Writing our famed Roadbooks
It’s hard to complain when your day’s work includes six hours of biking through the vineyards, on a glorious day. I was out scouting a new route for a self-guided biking holiday we’re running for one of our partners, through half a zillion wine-making villages.
We understand that not all of our guests have finely tuned map-reading skills, and so I’m always over-the-top-meticulous when it comes to writing notes for our Roadbooks. My map-reading skills were actually quite poor before I became a hiking guide, and I would often get lost trying to follow route notes for various hikes in the region: too vague, not enough info…
To ensure that our cycling Roadbooks are top-notch, I cover the entire route by bike, with a bike computer. Never by car. I proceed at a snail’s pace, stop at all landmarks, every important intersection and junction, and just about anywhere that may pose a problem for orienteering. I then note all distances, directional signs, waymarks, and any other useful piece of information, in full detail. I write everything down immediately on paper, never a voice recording. The key is to get it down just the way it needs to be written right way, with zero time-gap between the reconnaissance and the written text (the more you wait after scouting, the more prone you are to make an error).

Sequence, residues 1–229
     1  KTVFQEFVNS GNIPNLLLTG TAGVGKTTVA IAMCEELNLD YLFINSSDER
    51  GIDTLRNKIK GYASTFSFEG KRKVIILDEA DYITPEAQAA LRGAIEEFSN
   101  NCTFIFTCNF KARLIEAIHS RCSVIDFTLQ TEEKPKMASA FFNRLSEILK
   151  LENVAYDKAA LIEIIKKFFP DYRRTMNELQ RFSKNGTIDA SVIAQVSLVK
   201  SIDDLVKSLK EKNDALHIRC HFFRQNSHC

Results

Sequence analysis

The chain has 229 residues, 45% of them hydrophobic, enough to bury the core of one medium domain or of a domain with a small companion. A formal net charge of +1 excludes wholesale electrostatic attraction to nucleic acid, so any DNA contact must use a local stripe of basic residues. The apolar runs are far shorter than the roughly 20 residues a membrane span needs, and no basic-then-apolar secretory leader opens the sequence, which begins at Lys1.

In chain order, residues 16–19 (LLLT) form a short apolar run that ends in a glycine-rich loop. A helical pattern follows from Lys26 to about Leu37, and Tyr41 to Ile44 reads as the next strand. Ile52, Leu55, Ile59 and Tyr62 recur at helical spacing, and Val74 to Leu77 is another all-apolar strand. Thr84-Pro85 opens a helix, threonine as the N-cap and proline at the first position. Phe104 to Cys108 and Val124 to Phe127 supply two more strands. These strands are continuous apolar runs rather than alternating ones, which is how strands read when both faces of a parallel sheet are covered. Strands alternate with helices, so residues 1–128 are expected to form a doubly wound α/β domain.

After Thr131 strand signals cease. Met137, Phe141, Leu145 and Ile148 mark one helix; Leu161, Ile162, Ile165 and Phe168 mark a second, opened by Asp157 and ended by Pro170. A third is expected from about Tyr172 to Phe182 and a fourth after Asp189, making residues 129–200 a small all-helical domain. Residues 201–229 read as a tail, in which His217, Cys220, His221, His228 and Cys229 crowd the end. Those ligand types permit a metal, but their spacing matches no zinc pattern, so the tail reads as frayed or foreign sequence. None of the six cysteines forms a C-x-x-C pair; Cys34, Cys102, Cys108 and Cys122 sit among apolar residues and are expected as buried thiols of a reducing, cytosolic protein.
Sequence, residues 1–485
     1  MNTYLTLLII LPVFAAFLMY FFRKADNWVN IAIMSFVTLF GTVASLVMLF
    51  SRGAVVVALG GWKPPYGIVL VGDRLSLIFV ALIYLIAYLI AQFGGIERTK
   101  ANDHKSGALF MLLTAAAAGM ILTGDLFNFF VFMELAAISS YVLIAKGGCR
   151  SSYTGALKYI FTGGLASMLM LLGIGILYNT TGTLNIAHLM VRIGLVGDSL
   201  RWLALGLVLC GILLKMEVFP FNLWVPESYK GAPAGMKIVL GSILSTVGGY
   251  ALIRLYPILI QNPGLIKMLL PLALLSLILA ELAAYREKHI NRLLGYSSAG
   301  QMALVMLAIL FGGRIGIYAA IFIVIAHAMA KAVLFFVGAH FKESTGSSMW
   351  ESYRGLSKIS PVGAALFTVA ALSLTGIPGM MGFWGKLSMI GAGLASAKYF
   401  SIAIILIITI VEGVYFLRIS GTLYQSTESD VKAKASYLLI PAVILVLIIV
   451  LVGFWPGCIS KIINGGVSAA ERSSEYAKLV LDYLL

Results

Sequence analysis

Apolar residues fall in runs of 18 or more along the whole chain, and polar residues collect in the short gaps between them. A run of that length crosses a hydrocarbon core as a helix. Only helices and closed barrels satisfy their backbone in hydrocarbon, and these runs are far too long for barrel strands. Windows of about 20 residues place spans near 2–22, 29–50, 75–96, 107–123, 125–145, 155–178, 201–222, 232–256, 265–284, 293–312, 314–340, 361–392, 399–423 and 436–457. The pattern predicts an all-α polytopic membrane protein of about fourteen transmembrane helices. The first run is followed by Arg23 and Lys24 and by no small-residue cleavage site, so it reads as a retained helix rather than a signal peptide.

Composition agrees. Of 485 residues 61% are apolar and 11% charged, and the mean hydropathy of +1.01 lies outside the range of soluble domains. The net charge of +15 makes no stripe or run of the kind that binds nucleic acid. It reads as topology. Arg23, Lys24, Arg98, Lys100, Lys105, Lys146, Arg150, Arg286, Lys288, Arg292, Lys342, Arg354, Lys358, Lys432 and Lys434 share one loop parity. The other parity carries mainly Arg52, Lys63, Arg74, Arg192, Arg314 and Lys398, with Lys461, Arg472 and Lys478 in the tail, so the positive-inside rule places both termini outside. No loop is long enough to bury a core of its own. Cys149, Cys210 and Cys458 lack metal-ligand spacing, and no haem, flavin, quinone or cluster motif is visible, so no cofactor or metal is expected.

The idea is to remove any possible need for interpretation, so you can cycle with confidence along the tiniest of back roads, without needing to ask yourselves: Am I going the right way?